Wednesday, August 08, 2018

Nowhere Boy

39280442Marsh, Katherine. Nowhere Boy
August 7th 2018 by Roaring Brook Press
E ARC from

Ahmed and Max's lives are very different in 2015. Ahmed and his father have escaped from Aleppo, Syria only to be parted when the father drowns off the coast of Greece. Ahmed, who is 14, gets some assistance from an Iraqi refugee family, but when they all end up in Belgium, it is evident that they will be split up and Ahmed will go into care. He doesn't want this, so he runs away. He manages to find an open door in a neighborhood and can't believe his luck when he discovers a disused wine cellar and no one notices when he takes up residence. The house is being rented by Max's family while they spend a year in Brussels for the father's work. Max is not happy to have left home and to be enrolled in a French speaking school where the students are not always nice to him, so when he finds Ahmed in the house, he is sympathetic to his plight. He brings him some food and clothing, and with the help of Farah and Oscar at his school, forge documents and get Ahmed enrolled in Max's school, since that the thing he misses most, aside from his family. Things go well for a while, despite the meddling of a very concerned local policeman, Fontaine, whose family used to own the house where Max is living. However, when racial tensions run high after several terrorist attacks in the country, Ahmed wants to  find the Iraqi family he befriended. When even that seems to dangerous, he wants to leave Belgium, and Max helps him. The two have quite an adventure, which has a rather surprising ending.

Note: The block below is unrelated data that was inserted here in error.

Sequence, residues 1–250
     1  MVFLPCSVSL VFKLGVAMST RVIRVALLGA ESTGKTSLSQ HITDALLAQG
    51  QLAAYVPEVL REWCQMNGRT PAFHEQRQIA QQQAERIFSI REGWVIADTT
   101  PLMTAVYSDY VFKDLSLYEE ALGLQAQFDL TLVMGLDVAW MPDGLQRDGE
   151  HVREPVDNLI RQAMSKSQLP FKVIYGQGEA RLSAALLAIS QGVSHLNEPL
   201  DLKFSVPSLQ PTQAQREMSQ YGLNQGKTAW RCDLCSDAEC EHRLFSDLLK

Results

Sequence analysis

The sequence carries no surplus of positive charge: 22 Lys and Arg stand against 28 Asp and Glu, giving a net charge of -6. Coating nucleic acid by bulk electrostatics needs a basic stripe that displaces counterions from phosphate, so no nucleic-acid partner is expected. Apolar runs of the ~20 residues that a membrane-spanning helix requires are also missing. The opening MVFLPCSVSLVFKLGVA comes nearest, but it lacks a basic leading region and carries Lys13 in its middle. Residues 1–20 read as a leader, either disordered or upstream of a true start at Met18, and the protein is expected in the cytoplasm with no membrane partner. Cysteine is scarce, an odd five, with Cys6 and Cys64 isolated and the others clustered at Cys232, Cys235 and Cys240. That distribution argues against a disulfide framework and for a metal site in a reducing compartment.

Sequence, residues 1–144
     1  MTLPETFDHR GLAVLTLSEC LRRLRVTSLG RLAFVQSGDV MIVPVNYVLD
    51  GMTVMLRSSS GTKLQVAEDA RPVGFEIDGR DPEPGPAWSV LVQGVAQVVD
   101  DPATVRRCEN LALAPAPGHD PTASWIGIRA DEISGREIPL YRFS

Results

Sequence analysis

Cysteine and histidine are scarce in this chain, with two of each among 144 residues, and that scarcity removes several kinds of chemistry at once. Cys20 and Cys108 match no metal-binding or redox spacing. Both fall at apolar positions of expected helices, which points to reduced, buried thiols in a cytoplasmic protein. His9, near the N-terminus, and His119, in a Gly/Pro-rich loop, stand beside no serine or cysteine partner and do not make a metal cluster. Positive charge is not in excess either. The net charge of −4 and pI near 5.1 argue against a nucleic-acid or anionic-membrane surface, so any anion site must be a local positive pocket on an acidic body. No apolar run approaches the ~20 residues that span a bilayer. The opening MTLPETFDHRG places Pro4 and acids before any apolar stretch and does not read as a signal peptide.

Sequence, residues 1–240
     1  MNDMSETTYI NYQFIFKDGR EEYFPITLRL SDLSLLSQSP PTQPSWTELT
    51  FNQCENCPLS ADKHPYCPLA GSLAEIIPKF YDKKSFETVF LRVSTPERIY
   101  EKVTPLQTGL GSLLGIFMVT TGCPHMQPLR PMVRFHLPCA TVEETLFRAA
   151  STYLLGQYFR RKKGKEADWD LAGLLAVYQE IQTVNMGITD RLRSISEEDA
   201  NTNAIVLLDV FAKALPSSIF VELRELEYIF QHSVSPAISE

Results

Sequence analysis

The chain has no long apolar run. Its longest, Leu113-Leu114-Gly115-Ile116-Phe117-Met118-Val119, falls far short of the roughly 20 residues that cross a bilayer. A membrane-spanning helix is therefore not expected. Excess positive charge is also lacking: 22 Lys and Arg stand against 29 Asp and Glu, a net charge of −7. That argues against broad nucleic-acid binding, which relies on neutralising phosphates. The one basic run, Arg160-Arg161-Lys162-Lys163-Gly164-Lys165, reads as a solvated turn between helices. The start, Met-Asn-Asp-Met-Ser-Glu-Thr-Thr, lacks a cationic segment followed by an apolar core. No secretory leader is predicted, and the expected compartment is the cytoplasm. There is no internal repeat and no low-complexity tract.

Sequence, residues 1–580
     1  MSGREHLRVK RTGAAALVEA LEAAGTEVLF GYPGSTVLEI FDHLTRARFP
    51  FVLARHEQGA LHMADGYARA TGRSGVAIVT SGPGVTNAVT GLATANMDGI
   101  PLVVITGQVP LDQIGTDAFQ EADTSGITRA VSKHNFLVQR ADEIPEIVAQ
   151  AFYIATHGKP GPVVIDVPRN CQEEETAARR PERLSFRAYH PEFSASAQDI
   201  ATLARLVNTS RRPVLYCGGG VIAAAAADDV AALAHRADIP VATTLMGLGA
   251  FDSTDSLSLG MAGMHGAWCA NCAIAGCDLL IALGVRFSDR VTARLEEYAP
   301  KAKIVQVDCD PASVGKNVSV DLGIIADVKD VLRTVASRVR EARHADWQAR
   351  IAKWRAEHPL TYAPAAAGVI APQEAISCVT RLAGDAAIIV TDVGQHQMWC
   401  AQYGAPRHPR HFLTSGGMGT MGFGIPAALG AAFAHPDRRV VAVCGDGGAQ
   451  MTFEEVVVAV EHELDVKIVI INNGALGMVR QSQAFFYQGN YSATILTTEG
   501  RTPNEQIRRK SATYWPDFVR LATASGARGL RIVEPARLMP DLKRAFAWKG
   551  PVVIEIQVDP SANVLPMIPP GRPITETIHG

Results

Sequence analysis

Strengths: I enjoyed the note from the author about why she wrote this; her family spent some time in Belgium, and the details show this. There are several books about children escaping from Syria, but not many books that follow what happens to them in such great detail. Max's willingness to help Ahmed and to stand up to adults who spout racist rhetoric is heart warming. There is something appealing to middle grade readers about helping another child hide out, which adds another level of interest to this story. More of my students need to understand that school is a huge privilege!
Weaknesses: Max is rather bratty at the beginning, although the contrast between his complaints and Ahmed's is very effective. It also seemed a bit unusual that Max would have brought so many books from the US with him, but at least he likes to read!
What I really think: I wish this were a bit shorter and less complicated, but I will definitely purchase this for my stronger readers, since the topic is a timely and important one.
Ms. Yingling

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